Tuesday, September 29, 2020

Botswana faces starvation – FAO

Batswana face the highest risk of malnutrition in the world, a Food and Agricultural Organization global assessment report has revealed.

The projection of Botswana’s situation is reported to be worse than that of Ethiopia were pictures of children dying of starvation shocked the world a few years ago, war torn Burundi, Rwanda, Sierra Leone and inflation hit Zimbabwe.

At the top of the list of 22 endangered populations mentioned in the report are the people of Eritrea, Niger, the Comoros, Botswana, Haiti and Liberia. They are followed in order of severity by Burundi, Tajikistan, Sierra Leone, Zimbabwe, Ethiopia, Zambia, the Central African Republic, Mozambique, Tanzania, Guinea-Bissau, Madagascar, Malawi, Cambodia, North Korea, Rwanda and Kenya.

In their latest annual assessment of global agriculture, the United Nations Food and Agriculture Organization and the Organization for Economic Cooperation and Development said uncertain weather, rising demand in developing countries, and the increased use of grains for biofuel will probably keep food prices higher than average over the next 10 years and make it harder for the world’s poorest countries to feed themselves.

The report outlined the effect rising food prices have had in the last year, jumping more than 20 percent in China, Kenya, and Sri Lanka; more than 18 percent in Botswana and Pakistan; and from 11 percent to 14 percent in Indonesia, South Africa, Egypt, Haiti, and Bangladesh.

But, for a variety of reasons, the agencies said that high food prices are probably here to stay: Between 2008 and 2017, beef and pork are likely to cost about 20 percent more than they did between 1998 and 2007; milk, wheat, and corn are expected to cost as much as 60 percent more; vegetable oils as much as 80 percent more.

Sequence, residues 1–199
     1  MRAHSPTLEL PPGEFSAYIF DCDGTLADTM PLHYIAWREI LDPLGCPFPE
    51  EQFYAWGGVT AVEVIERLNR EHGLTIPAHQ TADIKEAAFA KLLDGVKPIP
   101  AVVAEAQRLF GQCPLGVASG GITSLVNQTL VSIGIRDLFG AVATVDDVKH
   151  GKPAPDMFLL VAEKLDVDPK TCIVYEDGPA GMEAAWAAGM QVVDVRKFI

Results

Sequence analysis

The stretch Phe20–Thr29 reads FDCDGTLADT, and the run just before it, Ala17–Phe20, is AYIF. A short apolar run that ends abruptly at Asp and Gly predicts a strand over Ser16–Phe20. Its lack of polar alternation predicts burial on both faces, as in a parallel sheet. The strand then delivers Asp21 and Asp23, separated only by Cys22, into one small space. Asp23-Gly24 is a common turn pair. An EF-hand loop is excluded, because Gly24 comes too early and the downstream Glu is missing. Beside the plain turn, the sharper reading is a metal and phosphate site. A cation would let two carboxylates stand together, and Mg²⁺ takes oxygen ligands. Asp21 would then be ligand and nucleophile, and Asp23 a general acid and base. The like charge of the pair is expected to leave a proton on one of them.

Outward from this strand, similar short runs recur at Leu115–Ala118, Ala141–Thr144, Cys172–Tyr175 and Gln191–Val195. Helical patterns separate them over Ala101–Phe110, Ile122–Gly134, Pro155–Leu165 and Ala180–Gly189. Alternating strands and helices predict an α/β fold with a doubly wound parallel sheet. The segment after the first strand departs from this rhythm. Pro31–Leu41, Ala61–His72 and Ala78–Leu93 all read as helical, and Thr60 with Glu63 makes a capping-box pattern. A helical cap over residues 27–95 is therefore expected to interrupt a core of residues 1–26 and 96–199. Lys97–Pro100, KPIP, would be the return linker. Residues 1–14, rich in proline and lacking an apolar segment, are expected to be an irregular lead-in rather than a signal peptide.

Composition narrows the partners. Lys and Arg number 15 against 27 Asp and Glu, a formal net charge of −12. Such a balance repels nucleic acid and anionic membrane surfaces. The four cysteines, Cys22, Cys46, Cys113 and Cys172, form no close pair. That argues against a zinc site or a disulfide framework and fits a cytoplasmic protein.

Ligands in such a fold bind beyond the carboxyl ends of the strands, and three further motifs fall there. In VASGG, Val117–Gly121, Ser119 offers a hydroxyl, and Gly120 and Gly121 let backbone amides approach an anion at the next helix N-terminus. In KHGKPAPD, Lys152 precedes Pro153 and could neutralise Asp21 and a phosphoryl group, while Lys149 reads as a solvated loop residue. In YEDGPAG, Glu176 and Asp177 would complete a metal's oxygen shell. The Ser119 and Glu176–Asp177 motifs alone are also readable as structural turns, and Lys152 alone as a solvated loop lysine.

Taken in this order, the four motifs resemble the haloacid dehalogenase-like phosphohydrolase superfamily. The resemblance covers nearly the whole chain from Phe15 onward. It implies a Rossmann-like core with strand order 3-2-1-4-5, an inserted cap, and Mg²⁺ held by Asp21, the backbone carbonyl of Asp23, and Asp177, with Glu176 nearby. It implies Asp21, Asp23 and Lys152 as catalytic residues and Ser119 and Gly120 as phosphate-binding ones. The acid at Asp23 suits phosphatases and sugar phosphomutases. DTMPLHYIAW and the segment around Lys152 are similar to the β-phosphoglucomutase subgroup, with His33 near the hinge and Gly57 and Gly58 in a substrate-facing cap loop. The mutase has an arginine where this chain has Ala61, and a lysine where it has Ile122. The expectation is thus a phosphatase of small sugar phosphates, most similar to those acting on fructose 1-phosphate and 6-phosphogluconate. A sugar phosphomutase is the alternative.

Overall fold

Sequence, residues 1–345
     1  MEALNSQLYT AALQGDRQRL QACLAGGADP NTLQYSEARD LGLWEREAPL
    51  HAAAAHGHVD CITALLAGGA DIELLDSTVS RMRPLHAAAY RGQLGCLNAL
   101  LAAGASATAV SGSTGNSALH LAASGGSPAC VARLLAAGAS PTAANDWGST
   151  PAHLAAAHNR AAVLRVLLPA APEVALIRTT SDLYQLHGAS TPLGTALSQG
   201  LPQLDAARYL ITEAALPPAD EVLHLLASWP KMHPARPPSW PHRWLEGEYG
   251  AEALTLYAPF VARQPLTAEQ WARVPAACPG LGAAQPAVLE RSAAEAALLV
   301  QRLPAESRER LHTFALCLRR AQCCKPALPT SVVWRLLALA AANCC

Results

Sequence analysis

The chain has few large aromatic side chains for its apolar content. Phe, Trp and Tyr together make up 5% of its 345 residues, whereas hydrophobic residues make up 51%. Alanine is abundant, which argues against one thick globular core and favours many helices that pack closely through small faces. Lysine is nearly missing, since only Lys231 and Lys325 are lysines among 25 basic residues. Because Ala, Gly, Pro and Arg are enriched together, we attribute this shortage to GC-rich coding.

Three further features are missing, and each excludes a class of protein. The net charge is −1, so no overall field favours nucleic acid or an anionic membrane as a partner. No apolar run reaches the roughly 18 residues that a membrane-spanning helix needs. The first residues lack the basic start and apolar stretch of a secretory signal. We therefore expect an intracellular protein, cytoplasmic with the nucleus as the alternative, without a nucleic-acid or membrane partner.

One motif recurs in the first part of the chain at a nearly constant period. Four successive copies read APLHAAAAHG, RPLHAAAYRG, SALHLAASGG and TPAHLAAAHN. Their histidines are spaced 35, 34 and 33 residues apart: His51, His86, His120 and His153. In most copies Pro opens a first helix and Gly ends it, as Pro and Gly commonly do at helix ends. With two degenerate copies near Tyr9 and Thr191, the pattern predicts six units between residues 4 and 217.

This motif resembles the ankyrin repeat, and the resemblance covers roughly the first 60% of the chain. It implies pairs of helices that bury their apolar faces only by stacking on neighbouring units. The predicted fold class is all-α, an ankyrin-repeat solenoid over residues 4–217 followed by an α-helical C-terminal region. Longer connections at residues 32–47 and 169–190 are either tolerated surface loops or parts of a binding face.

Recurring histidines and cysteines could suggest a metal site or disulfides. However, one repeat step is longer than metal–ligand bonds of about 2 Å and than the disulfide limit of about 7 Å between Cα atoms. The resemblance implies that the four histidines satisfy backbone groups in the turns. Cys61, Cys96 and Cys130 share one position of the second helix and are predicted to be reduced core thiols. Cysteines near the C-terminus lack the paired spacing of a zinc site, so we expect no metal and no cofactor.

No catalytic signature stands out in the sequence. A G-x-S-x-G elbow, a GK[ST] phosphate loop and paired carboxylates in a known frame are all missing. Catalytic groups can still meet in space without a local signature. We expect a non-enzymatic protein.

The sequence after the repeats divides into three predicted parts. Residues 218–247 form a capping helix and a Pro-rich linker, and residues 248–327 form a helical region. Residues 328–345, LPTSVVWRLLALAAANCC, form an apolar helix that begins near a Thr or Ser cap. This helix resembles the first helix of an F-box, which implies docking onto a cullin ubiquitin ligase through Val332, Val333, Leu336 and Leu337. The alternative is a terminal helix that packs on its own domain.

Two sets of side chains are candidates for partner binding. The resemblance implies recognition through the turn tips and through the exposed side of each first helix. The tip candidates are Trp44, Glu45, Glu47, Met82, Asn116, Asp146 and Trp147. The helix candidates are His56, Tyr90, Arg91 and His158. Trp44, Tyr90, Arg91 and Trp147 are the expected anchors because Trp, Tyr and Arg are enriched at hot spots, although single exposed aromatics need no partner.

As the balance between the global demand and supply of food becomes tighter, the effect on prices “will differ across commodities.” The higher nominal cost of staples, meanwhile, will lead to “increased vulnerability” for the world’s poorest, the report concluded.

“There is strong reason to believe that there are now also permanent factors underpinning prices that will work to keep them both at higher average levels than in the past and reduce the long-term decline in real terms,” the 72-page report said. “For the Least Developed Countries . . . the projections thus show greatly increased vulnerability and uncertain food supplies during an era of high commodity prices and high price volatility.”

The report forecasts alarming trends in price rise over the next decade as compared to the last ten years The causes cited are poor harvests, notably in countries such as Australia; grains diverted to biofuel; financial investor flows in food commodity futures markets and high oil prices that raise production and freight costs.

Such increased prices would have alarming consequences, especially among the populations of poorer countries where a larger proportion of a household’s income goes towards meeting food expenses.

In Rome, the FAO listed 22 countries, most of them in Africa, which had high levels of “chronic hunger” and were “especially vulnerable” to rising food and fuel prices.

The OECD-FAO report said hundreds of millions of people were already going hungry before the price increases but that “the numbers of people suffering from extreme hunger have (now) increased even further.
“In the short term, humanitarian aid for the populations in countries most severely affected is urgently required,” the report said.

Food prices and their impact on the world economy will be one of the issues that will be addressed at the OECD Ministerial Council Meeting in Paris on 4-5 June 2008. At a separate summit at FAO headquarters in Rome, on 3-5 June, world leaders, including many Heads of State and Government from around the world, will discuss policies and strategies on how to improve and ensure world food security and re-launch agriculture in rural communities of developing countries.

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The Telegraph September 30

Digital edition of The Telegraph, September 30, 2020.